Economic and Human Development in Contemporary India: Cronyism and Fragility

Economic and Human Development in Contemporary India: Cronyism and Fragility

Economic and Human Development in Contemporary India: Cronyism and Fragility

Economic and Human Development in Contemporary India: Cronyism and Fragility

Synopsis

This book deals with issues in economic development in India. It highlights those factors that are indicative of India's emergence in the global economy yet indicates negative "trickle down" effects, such as malnutrition, poverty, bonded labourers, high adult unemployment and the widespread use of child labour.

Focusing on structural deficiencies for a steady growth rate, and how to make growth inclusive, the book examines duality in development and the factors standing between national economic prosperity and human development. The author analyses issues concerning international trade, technology, access to food, inequality and poverty, and the "catching up" of developing countries. A novel approach to the analysis of the Indian economy and other developing countries in the 21stcentury, this book advocates development as a form of governance.

With India as a case study, this book provides a solid framework for looking at developing economies which will be useful to policy-makers and to graduate and post-doctoral students and researchers in the areas of development studies and economics, industrialisation and structural change.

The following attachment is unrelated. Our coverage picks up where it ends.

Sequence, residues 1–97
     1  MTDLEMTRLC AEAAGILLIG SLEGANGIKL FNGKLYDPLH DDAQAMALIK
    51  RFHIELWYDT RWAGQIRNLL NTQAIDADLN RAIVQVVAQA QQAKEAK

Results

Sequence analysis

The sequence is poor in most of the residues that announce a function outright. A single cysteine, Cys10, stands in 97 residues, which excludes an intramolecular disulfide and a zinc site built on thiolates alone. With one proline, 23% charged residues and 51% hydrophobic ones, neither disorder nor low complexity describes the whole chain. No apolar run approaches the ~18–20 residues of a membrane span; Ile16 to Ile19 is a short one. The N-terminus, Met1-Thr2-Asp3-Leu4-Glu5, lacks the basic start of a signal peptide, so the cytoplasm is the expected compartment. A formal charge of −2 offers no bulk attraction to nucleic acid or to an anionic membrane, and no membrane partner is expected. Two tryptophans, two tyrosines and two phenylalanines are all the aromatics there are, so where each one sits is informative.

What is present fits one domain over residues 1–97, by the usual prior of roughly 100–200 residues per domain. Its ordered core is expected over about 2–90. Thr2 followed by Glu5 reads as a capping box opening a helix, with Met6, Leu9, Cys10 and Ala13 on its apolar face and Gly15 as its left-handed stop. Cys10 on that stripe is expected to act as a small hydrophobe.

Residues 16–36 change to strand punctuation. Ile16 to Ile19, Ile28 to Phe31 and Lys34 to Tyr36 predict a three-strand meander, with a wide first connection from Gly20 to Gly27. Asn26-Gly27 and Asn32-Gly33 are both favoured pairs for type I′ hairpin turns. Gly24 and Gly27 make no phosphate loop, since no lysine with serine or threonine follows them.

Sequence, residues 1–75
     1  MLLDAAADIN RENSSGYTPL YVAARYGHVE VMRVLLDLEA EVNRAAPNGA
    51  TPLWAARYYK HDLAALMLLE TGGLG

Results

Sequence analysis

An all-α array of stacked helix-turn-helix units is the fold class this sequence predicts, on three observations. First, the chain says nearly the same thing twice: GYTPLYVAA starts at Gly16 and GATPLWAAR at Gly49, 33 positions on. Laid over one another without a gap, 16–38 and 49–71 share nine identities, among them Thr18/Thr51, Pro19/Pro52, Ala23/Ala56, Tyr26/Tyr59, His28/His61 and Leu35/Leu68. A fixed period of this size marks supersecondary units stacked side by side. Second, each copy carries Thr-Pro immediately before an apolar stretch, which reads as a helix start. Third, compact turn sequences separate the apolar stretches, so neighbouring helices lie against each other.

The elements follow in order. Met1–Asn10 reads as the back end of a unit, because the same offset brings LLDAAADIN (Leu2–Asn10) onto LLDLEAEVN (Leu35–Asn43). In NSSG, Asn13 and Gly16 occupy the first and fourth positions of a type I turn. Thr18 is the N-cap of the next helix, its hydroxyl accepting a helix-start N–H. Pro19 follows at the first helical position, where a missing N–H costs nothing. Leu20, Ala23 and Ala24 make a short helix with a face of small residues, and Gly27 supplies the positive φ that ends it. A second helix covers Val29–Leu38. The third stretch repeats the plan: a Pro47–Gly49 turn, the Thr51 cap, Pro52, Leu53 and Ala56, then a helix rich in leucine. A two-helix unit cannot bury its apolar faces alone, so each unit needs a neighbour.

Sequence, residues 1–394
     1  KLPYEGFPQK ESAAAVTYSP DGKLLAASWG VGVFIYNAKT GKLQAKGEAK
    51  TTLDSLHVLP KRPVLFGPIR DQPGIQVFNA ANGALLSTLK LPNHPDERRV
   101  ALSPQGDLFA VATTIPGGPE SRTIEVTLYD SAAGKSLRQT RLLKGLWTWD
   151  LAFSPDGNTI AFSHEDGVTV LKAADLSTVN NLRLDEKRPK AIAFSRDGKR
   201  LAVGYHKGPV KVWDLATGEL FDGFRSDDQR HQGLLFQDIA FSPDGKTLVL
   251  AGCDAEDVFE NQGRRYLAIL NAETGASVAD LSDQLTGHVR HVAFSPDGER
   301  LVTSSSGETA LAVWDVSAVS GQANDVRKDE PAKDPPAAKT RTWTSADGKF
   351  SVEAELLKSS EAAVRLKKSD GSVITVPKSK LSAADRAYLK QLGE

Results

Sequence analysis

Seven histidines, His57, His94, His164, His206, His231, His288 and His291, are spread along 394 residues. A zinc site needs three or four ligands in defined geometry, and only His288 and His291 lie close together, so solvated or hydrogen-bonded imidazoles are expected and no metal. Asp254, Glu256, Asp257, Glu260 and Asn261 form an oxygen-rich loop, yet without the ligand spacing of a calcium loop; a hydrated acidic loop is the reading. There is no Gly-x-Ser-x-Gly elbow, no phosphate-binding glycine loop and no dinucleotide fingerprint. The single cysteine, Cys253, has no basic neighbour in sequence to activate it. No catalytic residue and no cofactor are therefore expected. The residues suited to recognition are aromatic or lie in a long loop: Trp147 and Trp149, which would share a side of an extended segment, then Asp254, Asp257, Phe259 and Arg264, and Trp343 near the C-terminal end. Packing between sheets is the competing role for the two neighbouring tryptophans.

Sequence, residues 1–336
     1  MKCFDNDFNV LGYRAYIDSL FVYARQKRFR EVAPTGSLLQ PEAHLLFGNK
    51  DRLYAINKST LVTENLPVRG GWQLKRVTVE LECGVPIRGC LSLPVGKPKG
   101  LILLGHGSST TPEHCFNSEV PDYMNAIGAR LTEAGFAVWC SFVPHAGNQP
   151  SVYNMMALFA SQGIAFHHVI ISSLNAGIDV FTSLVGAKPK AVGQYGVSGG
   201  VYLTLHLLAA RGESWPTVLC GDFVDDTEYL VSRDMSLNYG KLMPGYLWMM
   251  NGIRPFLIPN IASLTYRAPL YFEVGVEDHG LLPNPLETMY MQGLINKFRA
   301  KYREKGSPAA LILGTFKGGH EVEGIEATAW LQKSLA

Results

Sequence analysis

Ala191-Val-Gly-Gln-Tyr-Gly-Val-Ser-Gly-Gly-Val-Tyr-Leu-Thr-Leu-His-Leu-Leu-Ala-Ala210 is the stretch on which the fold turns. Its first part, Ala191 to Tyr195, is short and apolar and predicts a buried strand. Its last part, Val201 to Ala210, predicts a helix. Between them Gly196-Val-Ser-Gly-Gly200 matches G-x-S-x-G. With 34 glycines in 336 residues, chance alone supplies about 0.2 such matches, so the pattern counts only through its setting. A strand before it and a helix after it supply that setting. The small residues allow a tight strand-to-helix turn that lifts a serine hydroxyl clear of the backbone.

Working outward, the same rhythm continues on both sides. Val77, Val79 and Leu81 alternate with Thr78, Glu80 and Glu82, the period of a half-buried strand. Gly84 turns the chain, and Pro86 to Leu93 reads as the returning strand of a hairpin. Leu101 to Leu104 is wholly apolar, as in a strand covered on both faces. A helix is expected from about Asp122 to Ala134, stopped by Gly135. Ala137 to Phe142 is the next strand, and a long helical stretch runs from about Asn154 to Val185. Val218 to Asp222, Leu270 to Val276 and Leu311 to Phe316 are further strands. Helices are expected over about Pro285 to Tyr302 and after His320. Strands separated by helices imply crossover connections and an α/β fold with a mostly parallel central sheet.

Excerpt

The completion of the draft of this monograph coincided with the beginning of global meltdown. Which order of sequence the national economic prosperity (narrowly defined as growth in per capita income) and human development should follow is still a live intellectual issue in India. I began with the objective of inquiring into the sources of India’s income and wealth, and the ways of translating those into well-being of the population as a whole, at a time when Indian planners and India Inc. started thinking of the economy as finally launched on the steadystate growth path. the Eleventh Five-Year Plan (2007–12) document notes:

India has entered the Eleventh Plan period with an impressive record of
economic growth. After a lacklustre performance in the Ninth Plan period
(1997–98 to 2001–02), when gross domestic product (GDP) grew at only
5.5 per cent per annum, the economy accelerated in the Tenth Plan period
(2002–03 to 2006–07) to record an average growth of 7.7 per cent, the high
est in any Plan period so far. Besides, there was acceleration even within the
Tenth Plan period and the growth rate in the last four years of the Plan has
averaged 8.7 per cent, making India one of the fastest growing economies in
the world.

(Planning Commission 2008, vol.1: 1)

Generally, the government and international funding agencies became content with a high gdp growth rate and bullish stock market, and regarded these as the “black box” of the economy. Since many other indicators of development were found to be inconsistent, an examination of the constituent components of the gdp growth rate was felt necessary. True, the current rate of growth has been persisting for the last four consecutive years, but in the past India did achieve in quite a number of years an annual growth rate of greater than 8 per cent. These figures used to be followed immediately by opinionated rhetoric (as found in GoI, Economic Survey, various issues) such as: ‘we have the capability of being in line with the best in the world and aiming beyond that’; ‘India is well-poised to reach the stage of developed countries and is set to make rapid strides’; or ‘the country is in the periphery of developed countries and would soon enter the stage of . . .

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